How to persuade skeptics to get vaccinated? Free Beer!
The US rollout of the Covid vaccination is going well by most measures - 248 million doses have been administered so far.
As the country progresses towards the illusive herd-immunity, there still appears to be a way to go though. Data comparing progress the world over suggests that the USA is currently running in third place, behind Israel and the United Kingdom - with just under 45% of the population having received at least one dose.
Those who are vaccinated combined with those who've achieved immunity through suffering COVID-19 will ultimately bring the nation towards herd immunity. But as the guidance from the World Health Organisation reminds us - in the case of some highly-infectious diseases (such as measles) - up to 95% of the population need to be immune before herd immunity is effective.
Persuading those who are reluctant
Those who are pro-vaccination and keen to bring forwards a safe and measured return to normality were likely at the front of the queue to get their jab. The challenge that government leaders are now facing into is how to persuade those who are less enthusiastic.
There are many potential reasons why people might be reluctant to get the vaccine. Some are likely skeptical or simply in denial about the risk presented by COVID-19. Others may doubt the effectiveness of the vaccine and prefer to take their chances. Then there are those who subscribe to conspiracy theories regarding the vaccine - that the vaccine is a secretive way for governments to alter citizens' DNA or to implant us all with microchips so that Bill Gates can control our every move. Given the recent announcement of Bill and Melinda Gates divorcing, I suspect he has other, more important things on his mind right now.
Aside from appealing to the better nature of people, or trying to persuade them with scientific facts, one further option is to offer bribes to those who might be otherwise reluctant to get the shot.
Beer and a Shot
Having enlisted the participation of a number of New Jersey breweries, Governor Phil Murphy recently announced the scheme whereby any New Jersey resident over the age of 21 who gets their first vaccine dose in May will be eligible for a free beer with their shot.
The scheme follows similar initiatives being pursued in other states, where state leaders have concocted ways to incentivize those who might not otherwise bother.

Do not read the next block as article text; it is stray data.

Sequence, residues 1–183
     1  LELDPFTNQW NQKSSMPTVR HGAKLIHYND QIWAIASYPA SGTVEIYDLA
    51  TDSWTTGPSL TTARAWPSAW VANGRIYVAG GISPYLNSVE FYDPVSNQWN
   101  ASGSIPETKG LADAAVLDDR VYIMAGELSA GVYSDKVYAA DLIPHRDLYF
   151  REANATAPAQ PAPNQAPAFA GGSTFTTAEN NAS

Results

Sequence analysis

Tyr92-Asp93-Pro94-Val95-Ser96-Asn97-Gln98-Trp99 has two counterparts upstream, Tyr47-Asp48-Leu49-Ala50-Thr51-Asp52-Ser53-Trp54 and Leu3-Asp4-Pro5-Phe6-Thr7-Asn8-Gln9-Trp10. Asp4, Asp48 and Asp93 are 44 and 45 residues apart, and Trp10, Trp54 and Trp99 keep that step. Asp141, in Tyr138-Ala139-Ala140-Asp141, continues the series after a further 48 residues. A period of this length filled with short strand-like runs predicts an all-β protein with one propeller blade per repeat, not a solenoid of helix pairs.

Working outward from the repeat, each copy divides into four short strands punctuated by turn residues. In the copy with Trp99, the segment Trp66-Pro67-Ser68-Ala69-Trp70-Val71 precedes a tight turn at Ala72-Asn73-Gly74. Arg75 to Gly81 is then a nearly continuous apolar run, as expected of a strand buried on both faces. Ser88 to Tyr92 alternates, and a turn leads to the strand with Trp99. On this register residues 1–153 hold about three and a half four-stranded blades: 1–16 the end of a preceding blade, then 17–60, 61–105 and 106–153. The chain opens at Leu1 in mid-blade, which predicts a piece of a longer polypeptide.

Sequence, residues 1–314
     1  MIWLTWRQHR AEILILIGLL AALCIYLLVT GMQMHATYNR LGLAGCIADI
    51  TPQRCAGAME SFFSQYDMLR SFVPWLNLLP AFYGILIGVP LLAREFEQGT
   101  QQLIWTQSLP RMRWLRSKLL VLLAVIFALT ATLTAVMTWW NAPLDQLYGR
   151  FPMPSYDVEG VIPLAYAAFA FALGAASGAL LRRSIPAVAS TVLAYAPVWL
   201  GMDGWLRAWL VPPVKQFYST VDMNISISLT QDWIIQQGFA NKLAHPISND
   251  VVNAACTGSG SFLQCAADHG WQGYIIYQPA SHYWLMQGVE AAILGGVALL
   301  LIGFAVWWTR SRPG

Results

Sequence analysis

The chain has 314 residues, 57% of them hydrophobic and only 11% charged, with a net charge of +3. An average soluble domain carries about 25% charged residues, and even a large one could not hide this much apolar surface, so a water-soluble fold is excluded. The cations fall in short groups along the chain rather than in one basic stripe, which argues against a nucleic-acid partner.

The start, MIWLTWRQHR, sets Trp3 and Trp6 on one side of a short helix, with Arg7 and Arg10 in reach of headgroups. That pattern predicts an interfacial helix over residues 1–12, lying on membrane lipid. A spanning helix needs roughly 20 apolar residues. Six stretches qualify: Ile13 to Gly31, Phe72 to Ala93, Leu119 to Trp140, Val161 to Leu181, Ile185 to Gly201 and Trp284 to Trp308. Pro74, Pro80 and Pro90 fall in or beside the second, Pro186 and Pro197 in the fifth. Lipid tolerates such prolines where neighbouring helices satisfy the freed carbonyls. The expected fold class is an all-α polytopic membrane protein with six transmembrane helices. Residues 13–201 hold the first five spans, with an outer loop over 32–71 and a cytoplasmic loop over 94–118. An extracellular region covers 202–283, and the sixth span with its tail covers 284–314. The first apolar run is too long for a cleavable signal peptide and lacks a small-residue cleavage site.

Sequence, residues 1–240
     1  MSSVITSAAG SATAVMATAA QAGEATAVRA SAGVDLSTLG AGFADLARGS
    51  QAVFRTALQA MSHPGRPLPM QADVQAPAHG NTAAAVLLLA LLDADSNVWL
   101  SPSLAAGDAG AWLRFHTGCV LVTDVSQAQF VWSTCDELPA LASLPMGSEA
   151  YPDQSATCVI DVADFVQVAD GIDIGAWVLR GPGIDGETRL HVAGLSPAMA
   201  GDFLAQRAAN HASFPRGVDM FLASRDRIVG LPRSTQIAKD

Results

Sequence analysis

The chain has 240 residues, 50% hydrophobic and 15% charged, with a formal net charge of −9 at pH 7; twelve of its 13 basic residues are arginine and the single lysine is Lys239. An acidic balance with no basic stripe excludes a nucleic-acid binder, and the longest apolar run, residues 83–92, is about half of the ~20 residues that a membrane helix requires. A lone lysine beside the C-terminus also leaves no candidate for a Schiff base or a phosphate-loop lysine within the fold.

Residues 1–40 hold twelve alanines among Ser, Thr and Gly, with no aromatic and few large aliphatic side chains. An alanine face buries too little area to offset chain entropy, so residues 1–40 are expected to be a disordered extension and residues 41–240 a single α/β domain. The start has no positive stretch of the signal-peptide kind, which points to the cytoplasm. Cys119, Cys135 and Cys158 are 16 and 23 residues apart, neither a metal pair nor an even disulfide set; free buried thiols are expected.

- The Mayor of Detroit, Mike Duggan recently announced a scheme where 'good neighbors' will receive a pre-paid debit card to the value of $50 for driving an unvaccinated person to get their shot.
- In Maryland, state employees will receive a payment of $100 once they are fully vaccinated
- In Walled Lake, Michigan a marijuana dispensary was offering a free pre-rolled joint to those who could prove they'd been vaccinated.
It's unclear whether any of these promotions will continue beyond their initial advertised periods, or whether they'll be broadened to include other citizens, but it demonstrates how states and even private businesses have been trying to encourage people to get their shot, by whatever means possible.
Should it be necessary?
There will of course be those who question whether it should be necessary to incentivize people to do the right thing and get vaccinated. Some consider it their public duty to protect themselves, and by extension, others by getting their shot.
People in countries like India, currently undergoing a vicious spike in cases would of course love to be eligible for a vaccine and would take it willingly without having to be bribed. The BBC reported that in April, only 0.3% of vaccine doses went to those in low-income countries - a figure that needs to be addressed if the world is likely to beat COVID-19 properly without the future emergence of deadly mutations that undermine the value of the vaccines currently being rolled out.
But nonetheless, for residents of New Jersey, Detroit and Michigan - anything that increases the take-up of the vaccine must of course be viewed as a positive step towards herd immunity and the eventual relaxation of social distancing rules.